Is Office 2003 worth the upgrade?

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Windows Office 2003 is slated to launch October 21, and it's already available to volume buyers. But one question looms - the same question, in fact, that hovers over every Microsoft release. Is the upgrade really worth it?

The CRN Test Centre took a quick look at Office 2003's features and the opportunities it affords solution providers.

One of the most significant developments in Office 2003 is the use of embedded XML throughout, which makes the suite an excellent developer's tool and allows data to be shared easily among applications and users.

Developing department-level applications has never been easier now that Microsoft has introduced InfoPath 2003, a client-driven XML form editor that integrates with XML-driven data sources in a variety of ways. InfoPath can query XML-driven databases and has a database wizard that ports Access 2003 tables and converts them into XML forms.

The tool also preserves database schemas, so users don't have to reinvent the wheel when integrating their database-driven applications. In the case of SQL Server, database connections are driven via OLE DB.

InfoPath forms integrate easily with SharePoint Services, so developers can make their Access applications available to multiple users across networks without having to publish internal Access forms to the Web.

Since InfoPath includes automatic offline caching, data and forms from Access databases can be taken on the road and downloaded automatically. InfoPath is backward-compatible with Access 2000.

Web services, too, can tie into InfoPath as long as they're discoverable via UDDI, and the UDDI lookup can be done without any coding.

But InfoPath isn't perfect yet. SQL joins can't be used because primary keys generated in Access can be replicated or created outside the Access environment.

Essentially, a many-to-one relationship violation can occur between tables, and conversion of Access forms into InfoPath forms is not yet always possible. Also, InfoPath chokes up when handling repeating fields in Access forms.

As for FrontPage 2003, it's much improved and should no longer be considered an HTML editor for novice users. Test Center engineers predict that the program will now give Macromedia Dreamweaver a run for its money.

Users can create XML data-driven Web sites in four easy steps and publish them to SharePoint Services sites with little understanding of XML or XSLT. Data inside XML files are kept live because XML files are not copied into the pages but are linked to databases instead.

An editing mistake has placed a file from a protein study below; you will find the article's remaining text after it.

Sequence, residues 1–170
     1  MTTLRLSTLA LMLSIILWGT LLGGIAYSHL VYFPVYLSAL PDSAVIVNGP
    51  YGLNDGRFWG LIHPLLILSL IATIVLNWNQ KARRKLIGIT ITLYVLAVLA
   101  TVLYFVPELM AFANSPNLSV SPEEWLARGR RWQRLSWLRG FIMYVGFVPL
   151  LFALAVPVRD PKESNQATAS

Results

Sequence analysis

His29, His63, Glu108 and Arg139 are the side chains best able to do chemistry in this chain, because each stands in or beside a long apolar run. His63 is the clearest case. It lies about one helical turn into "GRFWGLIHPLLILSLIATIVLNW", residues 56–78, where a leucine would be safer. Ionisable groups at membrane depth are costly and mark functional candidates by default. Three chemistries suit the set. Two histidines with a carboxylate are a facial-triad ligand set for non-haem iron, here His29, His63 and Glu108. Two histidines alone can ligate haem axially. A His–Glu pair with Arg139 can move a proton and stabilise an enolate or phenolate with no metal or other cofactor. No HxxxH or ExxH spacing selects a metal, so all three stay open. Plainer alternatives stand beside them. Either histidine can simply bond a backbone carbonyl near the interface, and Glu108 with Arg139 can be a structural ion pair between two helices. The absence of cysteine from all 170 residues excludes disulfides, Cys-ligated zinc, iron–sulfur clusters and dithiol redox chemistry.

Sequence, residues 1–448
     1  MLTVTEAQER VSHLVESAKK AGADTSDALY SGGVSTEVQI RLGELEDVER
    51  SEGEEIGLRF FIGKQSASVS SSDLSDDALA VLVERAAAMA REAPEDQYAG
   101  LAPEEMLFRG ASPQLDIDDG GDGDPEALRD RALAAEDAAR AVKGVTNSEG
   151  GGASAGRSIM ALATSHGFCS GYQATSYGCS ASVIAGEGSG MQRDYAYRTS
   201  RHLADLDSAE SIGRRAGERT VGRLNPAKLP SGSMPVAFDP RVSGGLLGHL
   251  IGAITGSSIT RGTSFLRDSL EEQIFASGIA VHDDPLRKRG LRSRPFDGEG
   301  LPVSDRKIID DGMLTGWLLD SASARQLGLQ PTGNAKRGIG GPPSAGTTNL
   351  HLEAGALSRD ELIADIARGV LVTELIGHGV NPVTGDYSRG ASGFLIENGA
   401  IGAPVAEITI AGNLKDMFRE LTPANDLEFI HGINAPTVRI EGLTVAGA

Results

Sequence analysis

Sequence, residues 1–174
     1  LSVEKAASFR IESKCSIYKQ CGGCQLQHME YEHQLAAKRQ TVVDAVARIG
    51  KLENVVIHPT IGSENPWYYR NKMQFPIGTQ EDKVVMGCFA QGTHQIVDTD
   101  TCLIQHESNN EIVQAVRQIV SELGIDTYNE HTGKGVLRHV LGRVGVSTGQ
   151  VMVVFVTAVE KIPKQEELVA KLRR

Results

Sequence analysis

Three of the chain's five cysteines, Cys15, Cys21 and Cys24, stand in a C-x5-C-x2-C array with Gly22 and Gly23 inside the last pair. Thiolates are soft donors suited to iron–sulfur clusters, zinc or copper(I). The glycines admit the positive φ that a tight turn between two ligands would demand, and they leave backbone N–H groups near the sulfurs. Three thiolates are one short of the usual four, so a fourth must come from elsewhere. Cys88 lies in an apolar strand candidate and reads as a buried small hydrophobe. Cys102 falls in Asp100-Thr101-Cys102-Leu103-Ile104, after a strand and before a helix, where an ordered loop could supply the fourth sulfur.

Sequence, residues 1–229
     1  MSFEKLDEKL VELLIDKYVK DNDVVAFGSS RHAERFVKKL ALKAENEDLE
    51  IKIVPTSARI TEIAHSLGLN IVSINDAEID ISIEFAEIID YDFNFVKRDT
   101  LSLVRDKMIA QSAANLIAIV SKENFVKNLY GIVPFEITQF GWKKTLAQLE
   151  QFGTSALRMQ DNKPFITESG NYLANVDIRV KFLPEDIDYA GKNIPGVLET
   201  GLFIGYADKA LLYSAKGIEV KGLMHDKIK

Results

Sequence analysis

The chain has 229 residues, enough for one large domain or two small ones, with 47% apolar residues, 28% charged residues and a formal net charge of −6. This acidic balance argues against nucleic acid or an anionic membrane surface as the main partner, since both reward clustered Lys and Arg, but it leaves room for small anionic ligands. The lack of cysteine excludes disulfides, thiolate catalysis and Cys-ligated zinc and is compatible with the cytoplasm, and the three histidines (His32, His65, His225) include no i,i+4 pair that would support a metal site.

Web services also work well with FrontPage, but they have to be published to a catalogue before data can be pulled from them. Users can hook up a Web service to a FrontPage site easily--in just four--steps. Another impressive FrontPage feature is the conditional formatting task pane, which controls what is viewable on a page. Users can determine what's viewable by highlighting content and determining what data can be put on a page based on field values in a conditional query. No coding is required to do this.

But some of the most noticeable changes are in the setup and usability of Outlook, and engineers were very impressed with the updates.

The Microsoft team made an effort to design the application around the way people interact with their information. Users, for example, can organise their e-mail by days of the week or by a specific line of discussion.

If a conversation among company employees is taking place, the participants can sort through e-mails by subject line, content or properties to keep track of the conversation.

Also, e-mail can be prioritised with coloured flags, and users can create a follow-up folder where e-mails are placed by default.

Test Centre engineers liked the fact that most of Outlook's features don't need to be turned on by the user. Also, the new navigation pane combines what was formerly the content pane and menu. On the whole, the Outlook experience has been dramatically simplified.

PowerPoint has been upgraded as well. The application now includes a thesaurus, supports Ink and smart tags and offers better multimedia support with full-screen video.

Word and Excel are embedded deeply with XML, and the GUI is different now. It looks as if Microsoft has gone back to basics. And users can send a fax from any Office application.

Test Centre engineers were very impressed with a new application called OneNote, which is useful not only for Tablet PC users, who can take advantage of its pen input and Ink capability, but for everyone else.

With OneNote, information can be organised and retrieved regardless of format. Typed text, handwritten notes or diagrams, recorded audio and graphics can be manipulated and easily tied together.

The new Office suite also includes Information Rights Management, or IRM, a file-level protection technology that allows document creators to limit how particular documents and e-mail messages are used throughout an organisation. IRM is included in every Office application.

On the whole, Test Centre engineers were very impressed with Office 2003 and recommend it highly to solution providers and their customers.

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